I'd like to get my hands on a copy of the sountrack!
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6 of 7 people found the following review helpful A Kid's Review on October 14, 2005
Format: VHS Tape
I watched the movie Out Law Blues and I liked this movie! It is about an ex convict played by Peter Fonda who has a talant for songwriting but is taken advantage of by a singer who steals some of his songs which turn out to be major hits and Susan St. James plays the backup singer who helps him get even! Thsi is a good movie and I want to see it put on DVD!
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3 of 3 people found the following review helpful By John D. Page on April 18, 2006
Format: VHS Tape
i just saw this movie again and i have to say it's very good. peter fonda is a much better actor than everyone thinks. he also has his fathers easy going charm and isn't as shrill as his sister.sadly he has been stuck in low budget movies for so long that we forget how good he is.

outlaw blues starts in huntsville prison texas where fonda is doing time and writing songs. enter james callahan as a johnny cash type who goes to the prison to make an album.fonda plays the title tune and is blowen of by callahan. weeks later the prison hears fondas song on the radio but it's callahan who is singing it and taking all the credit for it. fonda get out of jail and goes to set things right.in the fight that follows fonda shots callahan by mistake and the chase is on.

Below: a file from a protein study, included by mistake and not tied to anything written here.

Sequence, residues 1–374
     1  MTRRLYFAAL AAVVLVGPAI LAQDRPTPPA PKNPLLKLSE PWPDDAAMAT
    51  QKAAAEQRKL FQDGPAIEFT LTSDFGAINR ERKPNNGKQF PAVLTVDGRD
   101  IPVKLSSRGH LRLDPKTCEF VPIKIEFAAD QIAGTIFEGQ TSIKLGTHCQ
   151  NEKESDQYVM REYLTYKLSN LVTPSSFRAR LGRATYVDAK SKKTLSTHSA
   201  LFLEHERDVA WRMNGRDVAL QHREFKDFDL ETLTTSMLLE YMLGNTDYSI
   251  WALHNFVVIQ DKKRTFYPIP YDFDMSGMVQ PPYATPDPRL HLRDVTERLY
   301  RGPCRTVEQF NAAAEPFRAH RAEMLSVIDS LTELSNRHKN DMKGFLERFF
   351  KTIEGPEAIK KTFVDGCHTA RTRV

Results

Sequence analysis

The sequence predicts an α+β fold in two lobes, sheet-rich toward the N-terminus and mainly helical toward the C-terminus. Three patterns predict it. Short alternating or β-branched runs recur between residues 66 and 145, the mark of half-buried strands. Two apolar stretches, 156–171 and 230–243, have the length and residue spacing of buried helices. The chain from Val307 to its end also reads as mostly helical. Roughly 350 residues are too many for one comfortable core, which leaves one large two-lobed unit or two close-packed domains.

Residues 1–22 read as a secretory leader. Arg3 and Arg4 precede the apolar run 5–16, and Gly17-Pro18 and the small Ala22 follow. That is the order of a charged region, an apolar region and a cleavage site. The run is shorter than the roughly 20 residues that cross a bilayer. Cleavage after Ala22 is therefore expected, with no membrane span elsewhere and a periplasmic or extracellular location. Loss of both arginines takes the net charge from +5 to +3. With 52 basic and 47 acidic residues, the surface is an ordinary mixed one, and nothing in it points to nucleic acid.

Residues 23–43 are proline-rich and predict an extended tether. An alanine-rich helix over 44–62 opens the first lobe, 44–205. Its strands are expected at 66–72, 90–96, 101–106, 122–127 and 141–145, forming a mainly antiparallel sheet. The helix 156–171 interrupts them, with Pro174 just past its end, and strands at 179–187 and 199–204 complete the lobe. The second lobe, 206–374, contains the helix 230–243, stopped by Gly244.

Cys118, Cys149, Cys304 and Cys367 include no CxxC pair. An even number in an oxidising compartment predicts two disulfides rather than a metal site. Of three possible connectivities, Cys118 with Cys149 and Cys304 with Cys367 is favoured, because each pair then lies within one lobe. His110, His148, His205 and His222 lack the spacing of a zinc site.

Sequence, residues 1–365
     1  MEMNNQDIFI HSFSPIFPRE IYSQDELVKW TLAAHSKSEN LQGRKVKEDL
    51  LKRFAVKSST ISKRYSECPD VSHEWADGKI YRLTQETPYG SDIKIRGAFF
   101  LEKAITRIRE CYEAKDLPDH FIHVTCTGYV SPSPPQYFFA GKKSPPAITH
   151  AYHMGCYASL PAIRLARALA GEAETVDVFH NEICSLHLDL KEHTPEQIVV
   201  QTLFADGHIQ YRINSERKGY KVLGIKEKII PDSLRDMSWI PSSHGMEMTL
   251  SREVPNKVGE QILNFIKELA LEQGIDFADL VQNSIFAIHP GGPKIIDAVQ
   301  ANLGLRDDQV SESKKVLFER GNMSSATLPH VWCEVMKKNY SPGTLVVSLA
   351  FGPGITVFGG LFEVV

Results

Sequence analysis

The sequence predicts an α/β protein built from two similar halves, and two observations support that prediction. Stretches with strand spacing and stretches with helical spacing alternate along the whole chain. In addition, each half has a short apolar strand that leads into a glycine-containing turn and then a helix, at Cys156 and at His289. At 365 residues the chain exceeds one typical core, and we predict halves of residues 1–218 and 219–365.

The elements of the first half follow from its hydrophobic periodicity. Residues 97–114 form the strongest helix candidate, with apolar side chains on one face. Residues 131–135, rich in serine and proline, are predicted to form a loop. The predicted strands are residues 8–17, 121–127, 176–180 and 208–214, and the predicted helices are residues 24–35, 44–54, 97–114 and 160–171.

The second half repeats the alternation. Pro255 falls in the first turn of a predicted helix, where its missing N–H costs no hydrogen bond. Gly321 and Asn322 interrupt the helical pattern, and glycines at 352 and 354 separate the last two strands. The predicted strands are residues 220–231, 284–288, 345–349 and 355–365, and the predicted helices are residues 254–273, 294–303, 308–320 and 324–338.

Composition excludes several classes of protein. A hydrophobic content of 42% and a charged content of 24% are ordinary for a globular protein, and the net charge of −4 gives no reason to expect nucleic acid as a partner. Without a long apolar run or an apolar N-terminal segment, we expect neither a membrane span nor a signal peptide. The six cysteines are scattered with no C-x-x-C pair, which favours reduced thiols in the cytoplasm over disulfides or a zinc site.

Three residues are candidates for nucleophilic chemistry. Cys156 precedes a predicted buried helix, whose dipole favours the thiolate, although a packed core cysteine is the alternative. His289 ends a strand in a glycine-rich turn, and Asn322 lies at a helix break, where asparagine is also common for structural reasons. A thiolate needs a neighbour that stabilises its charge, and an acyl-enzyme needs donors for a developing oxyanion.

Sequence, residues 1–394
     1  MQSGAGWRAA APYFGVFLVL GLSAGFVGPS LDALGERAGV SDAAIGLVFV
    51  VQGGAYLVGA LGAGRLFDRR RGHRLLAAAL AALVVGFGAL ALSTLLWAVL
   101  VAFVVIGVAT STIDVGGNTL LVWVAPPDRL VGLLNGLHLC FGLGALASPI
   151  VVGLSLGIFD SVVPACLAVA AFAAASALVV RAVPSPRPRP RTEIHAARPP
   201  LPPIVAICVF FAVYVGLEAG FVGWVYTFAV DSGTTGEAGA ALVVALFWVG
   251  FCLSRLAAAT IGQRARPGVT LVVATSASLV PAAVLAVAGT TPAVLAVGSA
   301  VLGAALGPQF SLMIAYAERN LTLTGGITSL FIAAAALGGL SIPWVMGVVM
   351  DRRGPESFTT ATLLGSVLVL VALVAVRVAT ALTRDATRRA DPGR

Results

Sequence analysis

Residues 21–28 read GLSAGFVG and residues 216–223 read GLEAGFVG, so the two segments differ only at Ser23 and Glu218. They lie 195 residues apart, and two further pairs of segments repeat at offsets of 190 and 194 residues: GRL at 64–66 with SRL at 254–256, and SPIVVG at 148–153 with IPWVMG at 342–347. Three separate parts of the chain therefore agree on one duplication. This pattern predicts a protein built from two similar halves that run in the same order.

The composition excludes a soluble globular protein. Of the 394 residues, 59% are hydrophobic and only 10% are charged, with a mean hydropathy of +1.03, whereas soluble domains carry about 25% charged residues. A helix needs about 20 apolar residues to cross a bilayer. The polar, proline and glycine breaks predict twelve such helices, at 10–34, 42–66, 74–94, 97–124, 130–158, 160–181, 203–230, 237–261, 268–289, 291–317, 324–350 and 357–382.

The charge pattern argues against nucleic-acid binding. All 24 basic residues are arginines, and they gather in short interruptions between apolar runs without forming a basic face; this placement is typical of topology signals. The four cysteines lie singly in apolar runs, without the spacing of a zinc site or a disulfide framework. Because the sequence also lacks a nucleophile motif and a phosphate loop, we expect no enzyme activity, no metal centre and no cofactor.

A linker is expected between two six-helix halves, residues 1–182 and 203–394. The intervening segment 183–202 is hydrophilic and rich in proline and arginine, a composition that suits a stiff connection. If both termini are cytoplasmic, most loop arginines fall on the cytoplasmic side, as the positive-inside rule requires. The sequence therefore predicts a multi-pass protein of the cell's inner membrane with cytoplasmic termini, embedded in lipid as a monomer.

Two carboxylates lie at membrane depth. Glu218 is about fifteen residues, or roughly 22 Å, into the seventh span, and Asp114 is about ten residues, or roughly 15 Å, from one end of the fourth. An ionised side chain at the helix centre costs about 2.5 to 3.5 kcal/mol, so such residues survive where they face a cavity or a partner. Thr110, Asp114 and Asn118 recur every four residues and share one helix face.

fonda and st. james make a great screen couple and the movie is really fast paced and fun. a great way to spend some rainy sunday afternoon
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2 of 2 people found the following review helpful By Silver Screen Videos on February 2, 2014
Format: DVD
It's easy to picture a movie today being made about record piracy and copyright infringement, but the topic was highly unusual in the 1970s when cassette tapes were the musical state of the art. So, Outlaw Blues was a 1977 oddity... a movie in which a man comes looking to get even against a thief who, instead of taking his car, money, land, or woman, took his prize song instead. The movie may have been unusual then, but it's a charming little oddity now.

Peter Fonda plays Bobby Ogden, a convict who writes a catchy country tune called "Outlaw Blues" and plays it for big time country singer Garland Dupree (a George Jones lookalike). Dupree likes the tune so much that he steals it and makes a #1 hit out of it. Bobby tries to confront Dupree but things go bad and he winds up on the run, aided by a savvy would-be manager Tina Waters (Susan St. James). Somehow, despite being a wanted fugitive, Bobby manages to record his own version of the song and goes around the state of Texas marketing and promoting it, with the increasingly flustered cops two steps behind.

Outlaw Blues is played strictly for laughs... we never believe for a moment anyone is in real danger. It's the type of movie that features incredibly inept and obtuse police wrecking their cars with great abandon in a series of silly car chases. However, Fonda and St. James have good chemistry together, and the movie manages to make a few points about the music industry that are still valid today. In addition, Fonda does his own singing, including the catchy title tune, and acquits himself well.

Overall, the movie is similar to a two hour episode of The Dukes of Hazzard with slightly better writing and considerably better acting talent.